MR: Exactly. But it ushered in that cynical, "Just bring in your crowd and you'll get to play here, maybe you’ll get some of the door."
DB: As far as the folk scene was concerned, it was after the start of it—the boom in the sixties and early seventies. It was something different, but nobody knew quite what. I have to say, when it comes to terms of paying, Allan Pepper at The Bottom Line always paid us.
MR: Yeah, he was an amazing club owner. What was your creative process like?
RB: It was a little like a conversation. We just sat there with a couple of guitars and started playing something, and then one element agrees with another, then it disagrees and says, "That's a stupid chord," and then we change things. We start talking the lyrics and making rhymes. Some of the lyrics we agree on, some we say, "We can't be that stupid," and so we change them. We had a very comfortable time doing it. It was great.
DB: I'm sure you've collaborated; it's alchemy. It's either there or it isn't. Once you've done it a few times, you know when you hit something. You know when you strike gold. Then it's just filling in the blanks.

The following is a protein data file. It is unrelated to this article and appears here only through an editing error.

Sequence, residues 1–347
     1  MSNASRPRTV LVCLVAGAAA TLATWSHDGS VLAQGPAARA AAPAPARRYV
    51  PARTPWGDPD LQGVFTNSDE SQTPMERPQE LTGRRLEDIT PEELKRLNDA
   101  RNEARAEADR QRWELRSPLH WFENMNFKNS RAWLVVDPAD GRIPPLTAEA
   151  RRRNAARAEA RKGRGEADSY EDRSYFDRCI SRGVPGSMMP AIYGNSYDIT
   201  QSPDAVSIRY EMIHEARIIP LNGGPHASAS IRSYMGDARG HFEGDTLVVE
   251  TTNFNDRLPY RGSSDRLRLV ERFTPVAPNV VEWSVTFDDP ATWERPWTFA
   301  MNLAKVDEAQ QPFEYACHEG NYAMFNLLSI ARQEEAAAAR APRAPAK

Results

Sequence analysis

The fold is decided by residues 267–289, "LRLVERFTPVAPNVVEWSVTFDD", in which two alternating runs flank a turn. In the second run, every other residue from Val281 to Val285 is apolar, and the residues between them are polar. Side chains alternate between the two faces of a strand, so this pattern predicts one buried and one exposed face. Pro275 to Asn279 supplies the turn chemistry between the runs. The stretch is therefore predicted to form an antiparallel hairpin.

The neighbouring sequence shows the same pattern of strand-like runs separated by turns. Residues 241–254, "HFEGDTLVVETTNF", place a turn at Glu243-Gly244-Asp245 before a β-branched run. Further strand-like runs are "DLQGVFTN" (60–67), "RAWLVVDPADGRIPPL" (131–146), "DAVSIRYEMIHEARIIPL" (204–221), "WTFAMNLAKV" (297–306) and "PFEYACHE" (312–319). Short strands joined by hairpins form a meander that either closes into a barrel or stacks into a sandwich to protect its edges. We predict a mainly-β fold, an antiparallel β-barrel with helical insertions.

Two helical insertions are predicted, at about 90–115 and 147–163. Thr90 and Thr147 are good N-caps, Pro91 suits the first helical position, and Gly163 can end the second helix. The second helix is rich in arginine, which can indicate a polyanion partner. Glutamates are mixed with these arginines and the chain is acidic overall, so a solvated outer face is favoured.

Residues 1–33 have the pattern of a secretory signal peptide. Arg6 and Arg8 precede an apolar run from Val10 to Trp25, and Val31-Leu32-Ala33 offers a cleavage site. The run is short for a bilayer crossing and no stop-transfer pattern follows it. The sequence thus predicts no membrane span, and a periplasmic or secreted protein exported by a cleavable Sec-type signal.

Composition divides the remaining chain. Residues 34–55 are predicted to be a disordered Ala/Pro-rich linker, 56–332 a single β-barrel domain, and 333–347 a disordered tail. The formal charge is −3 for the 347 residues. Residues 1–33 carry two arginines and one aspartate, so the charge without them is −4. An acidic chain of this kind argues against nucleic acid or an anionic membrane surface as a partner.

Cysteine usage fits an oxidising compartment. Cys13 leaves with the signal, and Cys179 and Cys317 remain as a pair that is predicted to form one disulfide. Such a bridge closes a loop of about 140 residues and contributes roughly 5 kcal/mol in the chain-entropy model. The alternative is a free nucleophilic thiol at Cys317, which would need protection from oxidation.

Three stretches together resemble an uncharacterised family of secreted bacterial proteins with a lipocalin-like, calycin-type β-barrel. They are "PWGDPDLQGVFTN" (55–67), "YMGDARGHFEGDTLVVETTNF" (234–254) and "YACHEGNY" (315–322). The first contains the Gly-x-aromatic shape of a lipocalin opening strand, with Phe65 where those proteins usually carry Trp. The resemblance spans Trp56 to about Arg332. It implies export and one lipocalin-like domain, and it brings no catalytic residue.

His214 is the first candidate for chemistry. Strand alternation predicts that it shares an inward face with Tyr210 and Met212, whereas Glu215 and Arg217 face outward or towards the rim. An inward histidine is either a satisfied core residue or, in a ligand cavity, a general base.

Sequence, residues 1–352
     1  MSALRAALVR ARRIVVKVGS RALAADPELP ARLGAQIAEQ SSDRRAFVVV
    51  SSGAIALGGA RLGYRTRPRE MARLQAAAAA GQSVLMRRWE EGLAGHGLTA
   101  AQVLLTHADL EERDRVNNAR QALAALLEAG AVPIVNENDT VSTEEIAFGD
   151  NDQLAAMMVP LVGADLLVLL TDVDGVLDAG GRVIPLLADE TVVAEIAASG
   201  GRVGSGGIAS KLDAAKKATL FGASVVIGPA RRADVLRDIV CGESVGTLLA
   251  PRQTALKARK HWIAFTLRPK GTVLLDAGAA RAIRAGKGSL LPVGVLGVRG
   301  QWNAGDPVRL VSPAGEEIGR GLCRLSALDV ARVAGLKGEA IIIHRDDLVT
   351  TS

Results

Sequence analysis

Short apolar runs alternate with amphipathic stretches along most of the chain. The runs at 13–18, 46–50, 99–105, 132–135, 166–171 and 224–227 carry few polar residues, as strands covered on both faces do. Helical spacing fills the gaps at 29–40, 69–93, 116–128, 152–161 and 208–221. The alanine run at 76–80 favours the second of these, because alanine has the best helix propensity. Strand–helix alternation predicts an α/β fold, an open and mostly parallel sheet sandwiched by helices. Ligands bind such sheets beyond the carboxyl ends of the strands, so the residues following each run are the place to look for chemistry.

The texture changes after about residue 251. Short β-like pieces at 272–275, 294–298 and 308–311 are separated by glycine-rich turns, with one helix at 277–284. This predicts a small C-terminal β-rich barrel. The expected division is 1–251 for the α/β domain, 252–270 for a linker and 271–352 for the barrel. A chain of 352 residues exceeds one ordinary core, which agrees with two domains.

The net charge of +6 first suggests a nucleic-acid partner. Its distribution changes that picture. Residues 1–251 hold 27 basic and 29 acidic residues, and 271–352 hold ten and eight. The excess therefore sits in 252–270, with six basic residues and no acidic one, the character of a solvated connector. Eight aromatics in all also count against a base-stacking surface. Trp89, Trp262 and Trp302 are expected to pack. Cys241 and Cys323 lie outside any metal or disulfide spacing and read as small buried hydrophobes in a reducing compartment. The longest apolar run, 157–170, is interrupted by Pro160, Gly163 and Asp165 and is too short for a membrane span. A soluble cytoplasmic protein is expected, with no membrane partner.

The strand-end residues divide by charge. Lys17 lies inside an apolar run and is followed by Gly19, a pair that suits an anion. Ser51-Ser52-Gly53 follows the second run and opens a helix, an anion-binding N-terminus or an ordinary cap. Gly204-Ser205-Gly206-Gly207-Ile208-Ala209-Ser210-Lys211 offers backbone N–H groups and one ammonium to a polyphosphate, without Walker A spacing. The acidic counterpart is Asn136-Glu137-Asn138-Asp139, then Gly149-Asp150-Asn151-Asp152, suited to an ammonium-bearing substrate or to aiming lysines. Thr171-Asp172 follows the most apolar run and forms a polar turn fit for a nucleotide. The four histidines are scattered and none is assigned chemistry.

MR: On about how many projects have you guys collaborated?
DB: Jeez, I don't know. What do we have, about half a dozen albums?
RB: ...and a couple of solo albums each. Bert Holman, who's the manager of The Allman Brothers, he was our co-manager with John Scher, but he's been their manager for thirty years or so. He said we were like the first DIY band because we were making our own cassettes and selling them off the stage before anybody, and then we made LPs and CDs.
DB: We were so dumb. We made our first CD and we were talking to the art guy who said, "What do you want to do?" I said, "Take the art from the cassette and just slap it on to the CD." We had the first CD that said, "Side one" and listed songs and "Side two" and listed songs. Once I realized what we'd done, I had the vision of people turning it over and saying, "These guys ripped us off, there's no side two!"
MR: [laughs] You guys remastered it going from cassette to disc, right?